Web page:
Tax incentives

To encourage savers to use VCTs and thus provide capital to the smaller firms which are so vital to the UK’s overall economic health, the Government does permit investors to glean some tax benefits in recompense for the risks involved.

If a client subscribes to new VCT shares:

  • The maximum investment in any tax year is £200,000 
  • There is 30% tax relief on the initial investment, if the VCT’s shares are held for a minimum of five years 
  • No higher rate tax on dividends 
  • No Capital Gains Tax

The £200,000 annual cap on investment will interest some clients considering alternatives to a traditional pension or SIPP. However, it is important people are fully comfortable with the VCT as an investment in its own right and aren’t just following the tax breaks. It’s also worth remembering that, as things stand, tax relief on pensions remains extremely generous, particularly for higher earners.

Charges are also usually much lower, depending on your choice of tax wrapper and investments. Furthermore, just as pension tax relief could well come under pressure at the Autumn Statement, so too could VCT relief.

The Government has previously sought to crack down on what it termed “abuse” of the VCT system by investigating whether they should be allowed to invest in industries which receive subsidies.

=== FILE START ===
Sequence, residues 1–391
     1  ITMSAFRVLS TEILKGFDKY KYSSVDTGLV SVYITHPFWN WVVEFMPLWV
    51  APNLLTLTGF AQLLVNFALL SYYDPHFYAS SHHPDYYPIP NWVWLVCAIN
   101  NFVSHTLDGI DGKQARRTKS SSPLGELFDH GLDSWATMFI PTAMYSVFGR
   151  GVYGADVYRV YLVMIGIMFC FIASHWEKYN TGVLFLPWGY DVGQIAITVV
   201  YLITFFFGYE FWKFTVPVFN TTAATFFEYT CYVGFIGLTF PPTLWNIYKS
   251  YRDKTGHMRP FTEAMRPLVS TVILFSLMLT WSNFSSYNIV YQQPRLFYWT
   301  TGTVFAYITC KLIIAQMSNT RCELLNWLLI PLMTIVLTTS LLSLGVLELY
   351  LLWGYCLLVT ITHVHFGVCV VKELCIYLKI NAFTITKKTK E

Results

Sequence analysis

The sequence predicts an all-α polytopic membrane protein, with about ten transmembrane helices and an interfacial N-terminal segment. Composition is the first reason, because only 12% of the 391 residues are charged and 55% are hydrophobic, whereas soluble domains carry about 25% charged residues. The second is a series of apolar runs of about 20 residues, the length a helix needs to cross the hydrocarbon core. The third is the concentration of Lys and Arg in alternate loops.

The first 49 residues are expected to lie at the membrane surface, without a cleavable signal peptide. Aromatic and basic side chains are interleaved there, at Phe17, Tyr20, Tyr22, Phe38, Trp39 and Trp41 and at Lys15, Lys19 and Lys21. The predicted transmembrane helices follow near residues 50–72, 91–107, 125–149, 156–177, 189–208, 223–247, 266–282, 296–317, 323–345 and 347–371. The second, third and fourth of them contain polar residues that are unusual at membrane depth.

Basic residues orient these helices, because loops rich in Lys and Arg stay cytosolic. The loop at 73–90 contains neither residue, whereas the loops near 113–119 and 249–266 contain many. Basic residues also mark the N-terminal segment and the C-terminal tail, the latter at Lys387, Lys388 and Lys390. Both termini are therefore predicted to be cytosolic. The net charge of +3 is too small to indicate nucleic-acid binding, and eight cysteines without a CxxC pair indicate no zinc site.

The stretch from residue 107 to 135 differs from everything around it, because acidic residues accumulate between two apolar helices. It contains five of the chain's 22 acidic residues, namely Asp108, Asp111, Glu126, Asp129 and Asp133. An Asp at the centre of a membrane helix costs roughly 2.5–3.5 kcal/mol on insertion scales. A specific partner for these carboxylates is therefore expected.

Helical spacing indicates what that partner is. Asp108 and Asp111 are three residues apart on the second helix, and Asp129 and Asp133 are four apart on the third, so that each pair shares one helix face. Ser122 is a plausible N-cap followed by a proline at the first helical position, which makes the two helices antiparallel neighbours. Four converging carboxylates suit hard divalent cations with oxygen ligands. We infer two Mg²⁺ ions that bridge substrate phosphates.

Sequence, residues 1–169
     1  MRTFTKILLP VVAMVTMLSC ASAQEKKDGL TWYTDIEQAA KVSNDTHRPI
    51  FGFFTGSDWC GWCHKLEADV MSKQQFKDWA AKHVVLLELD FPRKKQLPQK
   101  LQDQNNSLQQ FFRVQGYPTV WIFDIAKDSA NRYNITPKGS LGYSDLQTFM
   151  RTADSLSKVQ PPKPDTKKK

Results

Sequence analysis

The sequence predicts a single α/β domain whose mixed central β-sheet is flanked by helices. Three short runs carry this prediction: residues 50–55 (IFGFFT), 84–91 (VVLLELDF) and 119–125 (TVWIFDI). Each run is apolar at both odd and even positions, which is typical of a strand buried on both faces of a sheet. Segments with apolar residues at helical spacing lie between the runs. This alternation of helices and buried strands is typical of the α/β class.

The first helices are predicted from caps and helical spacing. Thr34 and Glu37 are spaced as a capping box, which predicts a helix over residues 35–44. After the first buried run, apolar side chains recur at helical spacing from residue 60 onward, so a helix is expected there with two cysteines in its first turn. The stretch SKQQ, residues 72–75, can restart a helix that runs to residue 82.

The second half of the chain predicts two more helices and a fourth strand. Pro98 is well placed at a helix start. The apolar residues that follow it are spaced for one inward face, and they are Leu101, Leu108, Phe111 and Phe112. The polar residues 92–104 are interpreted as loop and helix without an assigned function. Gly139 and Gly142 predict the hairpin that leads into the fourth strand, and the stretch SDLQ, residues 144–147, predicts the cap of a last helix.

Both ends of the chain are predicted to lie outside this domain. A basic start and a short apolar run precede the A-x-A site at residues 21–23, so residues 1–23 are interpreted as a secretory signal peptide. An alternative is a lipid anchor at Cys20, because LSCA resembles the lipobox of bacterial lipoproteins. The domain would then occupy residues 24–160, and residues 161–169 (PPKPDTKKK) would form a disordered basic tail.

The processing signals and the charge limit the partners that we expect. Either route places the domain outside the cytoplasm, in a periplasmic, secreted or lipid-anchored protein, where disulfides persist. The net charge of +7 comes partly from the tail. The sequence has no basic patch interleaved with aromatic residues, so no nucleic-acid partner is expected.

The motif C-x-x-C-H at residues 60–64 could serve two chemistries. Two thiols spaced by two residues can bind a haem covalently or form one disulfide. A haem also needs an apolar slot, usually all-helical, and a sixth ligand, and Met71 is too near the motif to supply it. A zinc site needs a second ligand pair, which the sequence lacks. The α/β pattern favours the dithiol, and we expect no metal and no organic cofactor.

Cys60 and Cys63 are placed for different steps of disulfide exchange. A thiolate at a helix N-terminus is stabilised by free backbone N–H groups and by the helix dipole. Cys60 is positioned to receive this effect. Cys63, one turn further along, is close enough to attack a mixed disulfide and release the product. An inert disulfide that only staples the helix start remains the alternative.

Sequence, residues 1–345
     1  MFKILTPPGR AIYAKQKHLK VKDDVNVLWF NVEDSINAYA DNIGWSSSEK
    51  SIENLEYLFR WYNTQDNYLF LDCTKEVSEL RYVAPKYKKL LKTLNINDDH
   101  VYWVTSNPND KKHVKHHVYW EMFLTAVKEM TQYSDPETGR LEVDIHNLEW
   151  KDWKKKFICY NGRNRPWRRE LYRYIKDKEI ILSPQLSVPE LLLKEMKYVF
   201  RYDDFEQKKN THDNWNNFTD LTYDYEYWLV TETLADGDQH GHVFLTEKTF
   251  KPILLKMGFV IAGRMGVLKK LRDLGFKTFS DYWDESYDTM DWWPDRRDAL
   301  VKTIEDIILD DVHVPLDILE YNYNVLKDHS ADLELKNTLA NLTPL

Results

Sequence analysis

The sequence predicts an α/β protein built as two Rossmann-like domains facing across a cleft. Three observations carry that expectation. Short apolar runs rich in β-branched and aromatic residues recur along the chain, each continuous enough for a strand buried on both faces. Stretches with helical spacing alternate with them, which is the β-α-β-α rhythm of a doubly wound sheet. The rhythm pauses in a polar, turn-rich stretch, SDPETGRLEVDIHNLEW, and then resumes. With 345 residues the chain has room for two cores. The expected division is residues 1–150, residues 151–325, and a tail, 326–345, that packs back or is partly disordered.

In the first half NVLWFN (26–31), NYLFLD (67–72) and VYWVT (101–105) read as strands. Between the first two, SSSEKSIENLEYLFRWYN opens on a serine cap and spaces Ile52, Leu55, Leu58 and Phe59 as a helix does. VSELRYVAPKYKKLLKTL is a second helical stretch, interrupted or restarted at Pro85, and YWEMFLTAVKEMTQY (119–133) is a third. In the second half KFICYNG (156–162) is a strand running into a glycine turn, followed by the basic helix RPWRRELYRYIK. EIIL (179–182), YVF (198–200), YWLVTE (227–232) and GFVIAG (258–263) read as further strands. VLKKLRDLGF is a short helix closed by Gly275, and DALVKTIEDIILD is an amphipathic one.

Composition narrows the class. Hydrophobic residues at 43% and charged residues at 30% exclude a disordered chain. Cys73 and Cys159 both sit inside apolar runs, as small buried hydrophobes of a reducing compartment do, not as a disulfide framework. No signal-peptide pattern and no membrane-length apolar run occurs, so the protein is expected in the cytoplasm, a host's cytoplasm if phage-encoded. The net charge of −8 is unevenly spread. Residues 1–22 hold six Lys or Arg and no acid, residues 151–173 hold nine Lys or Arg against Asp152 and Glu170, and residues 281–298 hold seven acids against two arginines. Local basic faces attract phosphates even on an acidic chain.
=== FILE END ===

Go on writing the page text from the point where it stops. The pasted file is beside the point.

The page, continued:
In addition, VCTs can now only hand out dividends within the first three years of their life if these payments come from profits on investments, rather than the cash initially handed over by investors. This means patience is required and individuals must be prepared to lock up their cash for at least five years in order to bene t fully and retain their initial income tax relief.

Growing in popularity

The latest gures from the Association of Investment Companies show VCTs have grown in popularity in recent years. The VCT sector raised £457.5 million in the 2015/16 tax year, compared to £429 million in 2014/15. VCT funds under management were a healthy £3.6 billion at 5th April 2016.

Well-known rms operating in the VCT arena include Octopus Investments, Unicorn Asset Management and Amati Global Investors. The track records of VCT fund managers, and details of their fees, can be found on the website of the AIC.